On Creating for the New Year

This post was migrated over from my tumblr

As you may know if you read the Notes app on my phone, my new year’s resolutions this year included writing more blog posts here on this blog. Along with that were promises to finish videos, write a few songs, and continue to try and placate the two-headed creativity/recognition monster.

What I mean is that often when I sit down to write or make a movie or play guitar, I get stage fright of what people might think once the thing is out in the world. This anticipation of the need for recognition defeats the creativity before it gets going. Perhaps a two-headed monster isn’t the best metaphor but you get the idea.

One thing I admire about Google is their idea that everything is in beta—they release things before they’re ready in order to benefit from feedback. Any why don’t we apply that idea to producing literature or art? Because as artists it’s our job alone to decide on the doneness of what we make? I think that maybe it’s time to stop judging worth on where the artist left the thing before putting it out in the world, but on the way the artist harnesses feedback to grow an idea, a story, a song.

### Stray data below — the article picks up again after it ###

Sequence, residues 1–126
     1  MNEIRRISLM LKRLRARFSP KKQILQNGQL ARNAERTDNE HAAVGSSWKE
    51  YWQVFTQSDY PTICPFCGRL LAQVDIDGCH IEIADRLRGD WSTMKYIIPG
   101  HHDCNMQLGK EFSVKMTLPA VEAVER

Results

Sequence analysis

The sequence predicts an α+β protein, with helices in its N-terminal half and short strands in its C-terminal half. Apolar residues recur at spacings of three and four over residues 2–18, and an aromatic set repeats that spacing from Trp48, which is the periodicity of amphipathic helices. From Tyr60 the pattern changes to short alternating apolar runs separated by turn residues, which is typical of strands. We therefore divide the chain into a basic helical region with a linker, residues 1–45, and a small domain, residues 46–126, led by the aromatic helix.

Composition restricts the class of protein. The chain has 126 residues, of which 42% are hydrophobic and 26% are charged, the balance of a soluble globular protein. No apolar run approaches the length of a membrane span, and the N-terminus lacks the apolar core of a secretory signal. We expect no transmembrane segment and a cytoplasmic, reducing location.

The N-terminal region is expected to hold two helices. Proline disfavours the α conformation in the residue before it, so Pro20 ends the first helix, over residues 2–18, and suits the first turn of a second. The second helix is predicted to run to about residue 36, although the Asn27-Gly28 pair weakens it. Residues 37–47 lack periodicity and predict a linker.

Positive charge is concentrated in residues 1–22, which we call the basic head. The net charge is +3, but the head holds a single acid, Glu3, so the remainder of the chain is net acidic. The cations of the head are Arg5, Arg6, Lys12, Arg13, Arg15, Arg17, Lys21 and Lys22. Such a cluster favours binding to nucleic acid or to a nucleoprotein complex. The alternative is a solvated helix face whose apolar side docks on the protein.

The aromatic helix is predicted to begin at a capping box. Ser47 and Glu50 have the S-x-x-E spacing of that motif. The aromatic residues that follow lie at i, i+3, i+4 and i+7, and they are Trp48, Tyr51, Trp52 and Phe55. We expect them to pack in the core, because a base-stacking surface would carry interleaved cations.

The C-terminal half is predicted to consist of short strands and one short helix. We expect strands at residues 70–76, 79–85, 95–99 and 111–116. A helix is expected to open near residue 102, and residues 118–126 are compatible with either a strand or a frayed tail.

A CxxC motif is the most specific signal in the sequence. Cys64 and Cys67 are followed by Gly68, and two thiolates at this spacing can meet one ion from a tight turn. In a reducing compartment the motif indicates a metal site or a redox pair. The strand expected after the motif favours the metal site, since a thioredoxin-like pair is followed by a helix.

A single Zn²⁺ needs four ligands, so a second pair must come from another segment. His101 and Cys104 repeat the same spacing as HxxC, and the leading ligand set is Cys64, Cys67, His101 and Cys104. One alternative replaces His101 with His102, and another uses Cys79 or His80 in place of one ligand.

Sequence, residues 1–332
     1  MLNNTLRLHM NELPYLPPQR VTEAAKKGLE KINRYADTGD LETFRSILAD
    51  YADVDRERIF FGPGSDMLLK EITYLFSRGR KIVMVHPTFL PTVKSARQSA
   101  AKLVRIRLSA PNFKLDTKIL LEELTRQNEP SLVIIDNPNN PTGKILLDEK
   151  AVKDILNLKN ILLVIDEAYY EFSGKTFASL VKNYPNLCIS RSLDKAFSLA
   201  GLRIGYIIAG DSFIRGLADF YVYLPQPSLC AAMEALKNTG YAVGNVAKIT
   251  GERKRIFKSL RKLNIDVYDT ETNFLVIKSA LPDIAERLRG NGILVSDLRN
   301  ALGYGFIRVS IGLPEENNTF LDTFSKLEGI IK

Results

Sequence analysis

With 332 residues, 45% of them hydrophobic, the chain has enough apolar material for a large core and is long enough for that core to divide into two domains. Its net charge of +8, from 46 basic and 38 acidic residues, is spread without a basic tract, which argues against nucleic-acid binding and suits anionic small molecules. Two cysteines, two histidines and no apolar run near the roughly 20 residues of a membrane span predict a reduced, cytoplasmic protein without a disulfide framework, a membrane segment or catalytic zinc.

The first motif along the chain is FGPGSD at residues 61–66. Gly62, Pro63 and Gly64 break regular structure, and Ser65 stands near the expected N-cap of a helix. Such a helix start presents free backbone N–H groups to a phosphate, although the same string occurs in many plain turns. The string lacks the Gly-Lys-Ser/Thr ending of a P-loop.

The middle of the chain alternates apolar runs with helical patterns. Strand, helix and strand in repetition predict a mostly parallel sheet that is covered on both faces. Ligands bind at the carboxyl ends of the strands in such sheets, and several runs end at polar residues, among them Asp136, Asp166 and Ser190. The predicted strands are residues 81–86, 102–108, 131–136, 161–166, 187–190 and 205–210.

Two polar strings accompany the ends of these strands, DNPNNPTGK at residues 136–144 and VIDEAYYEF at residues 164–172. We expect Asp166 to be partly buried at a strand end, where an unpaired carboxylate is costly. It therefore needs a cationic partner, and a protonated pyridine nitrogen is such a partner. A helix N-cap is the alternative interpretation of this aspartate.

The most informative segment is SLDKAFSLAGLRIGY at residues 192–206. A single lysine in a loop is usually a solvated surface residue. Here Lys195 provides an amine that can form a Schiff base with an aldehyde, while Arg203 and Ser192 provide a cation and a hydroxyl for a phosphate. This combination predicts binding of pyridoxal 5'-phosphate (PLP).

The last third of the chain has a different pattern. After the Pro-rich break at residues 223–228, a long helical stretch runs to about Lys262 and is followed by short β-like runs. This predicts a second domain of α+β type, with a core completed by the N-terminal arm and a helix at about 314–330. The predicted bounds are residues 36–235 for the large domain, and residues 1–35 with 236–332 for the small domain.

I love Father John Misty. Josh Tillman put together a beautiful album with “Fear Fun.” But as he toured, the songs became better and better. He changed lyrics, like in “Writing A Novel” where

And livin’ on amusement rides… (source)

became

And livin’ lives that look like mine… (source)

Which to me makes so much more sense and is a more elegant way of tying things together in the song. Right now he’s touring new songs with the old ones and I assume the next album will benefit from this (if you will) artistic beta testing. 

So my pledge for the new year is not just to create and then sweat it out in the editing stage telling myself “no it’s not ready.” The new motto is, “Yeah, it’s not ready, but I’m putting it out there.”

And you should do the same.

More clickin’:
Austin Kleon on creativity (Brain Pickings)
Ira Glass on putting out creative work (Which I found in this month’s Rookie Mag editor’s letter)